When and How to Use Chatbots to Support Your Customers

After switching to a different email address, I recently logged in to my client account to change the contact information my mobile company had. On seeing the email field greyed out and uneditable, I visited their Help and Support page for assistance.

Live chat support was available. It was 9:31 in the morning.

Someone was already waiting for me—Gie. This Facebook Messenger-based bot initiated the conversation with one of the more tedious stages of getting support: account verification. We breezed through the questions quickly, with two minutes of waiting in between for a human agent to step in and take my case.

The example above is just a scratch on the surface when you consider the possibilities of using chatbots to help your customers and improve their experience with your company. For example, H&M’s Kik bot gives customers fashion suggestions and inspiration based on their preferences. It can even build an entire look based on the piece of clothing you specify.

It’s an interesting opportunity where artificial intelligence (AI) can be used to create personalized support experiences based on customer search and messaging. Depending on your support and brand objectives, you can have chatbots pull up help articles from your knowledge base, build your blog’s mailing list, and even provide product suggestions before they go on to browse your online store.

With half of the consumers preferring chat and online messaging1, companies have begun to embrace and explore opportunities where artificial intelligence can provide these unique interactions. From e-commerce to software-as-a-service, chatbots with brand-centric personalities are deployed to provide 24/7 support to both new and existing customers.

Does this mean benching your Support team and handing the ball over to your new chatbot? Not at all. Let’s take a look at how chatbots can be a huge help for both customers and support, and when chatbots need to take a backseat and let the human agents run the show.

How Chatbots Can Help Both Your Customers and Your Support Team

A Harvard Business Review article highlights that the chatbot is just one type of AI technology used to deliver a unique brand experience2 to the customer.

This spans a wide range of business processes, from customer service and support to marketing and sales. When done right, a chatbot can make a positive impact on your customer’s service experience, while giving your support team the chance to earn customer loyalty.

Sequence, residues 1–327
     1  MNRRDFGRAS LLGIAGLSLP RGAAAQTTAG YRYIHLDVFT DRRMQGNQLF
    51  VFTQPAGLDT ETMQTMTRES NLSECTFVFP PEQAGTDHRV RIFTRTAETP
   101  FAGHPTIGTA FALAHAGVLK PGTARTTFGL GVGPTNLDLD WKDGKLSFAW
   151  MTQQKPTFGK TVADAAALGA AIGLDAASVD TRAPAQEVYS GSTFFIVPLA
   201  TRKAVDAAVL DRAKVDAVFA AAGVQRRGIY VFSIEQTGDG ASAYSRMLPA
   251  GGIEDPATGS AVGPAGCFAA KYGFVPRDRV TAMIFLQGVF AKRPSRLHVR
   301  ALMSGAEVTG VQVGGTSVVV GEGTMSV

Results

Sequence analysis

If you’ve never considered using chatbots like our very own Freddy for customer support, these are just some of the benefits they bring to the table:

For customers, chatbots can offer:

– 24/7 support – chatbots can receive hundreds of customers simultaneously without a 9AM-5PM schedule limiting their availability. Customers no longer need to sit down, ticket number in hand, and wait for business hours for someone to help them solve their issue.  

– Easy and quick self-service – whether it’s retrieving an old license or upgrading one’s subscription, customers can self-serve by prompting the chatbot to pull up the information they need. No more channel switching, pressing 1 and 2 on an IVR, or being placed on hold so that the right person from the right department can come to the phone.

– Unique service experiences – whether it’s auto-magically pulling up answers from the knowledge base or providing product suggestions based on keywords, chatbots can create a lasting impression on customers.

– Intelligent support – learning through every customer interaction, chatbots like Freddy can respond intelligently to customer inquiries with relevant answers and suggestions based on key topics from your company’s knowledge base and conversation history across different departments: sales, marketing, technical support, and more.

For your Support team, chatbots can provide:

– Proactive support – engage with visitors to your marketing websites based on specific rules. For example, your chatbot can prompt your customer to start a conversation after scrolling through 50% of your pricing page.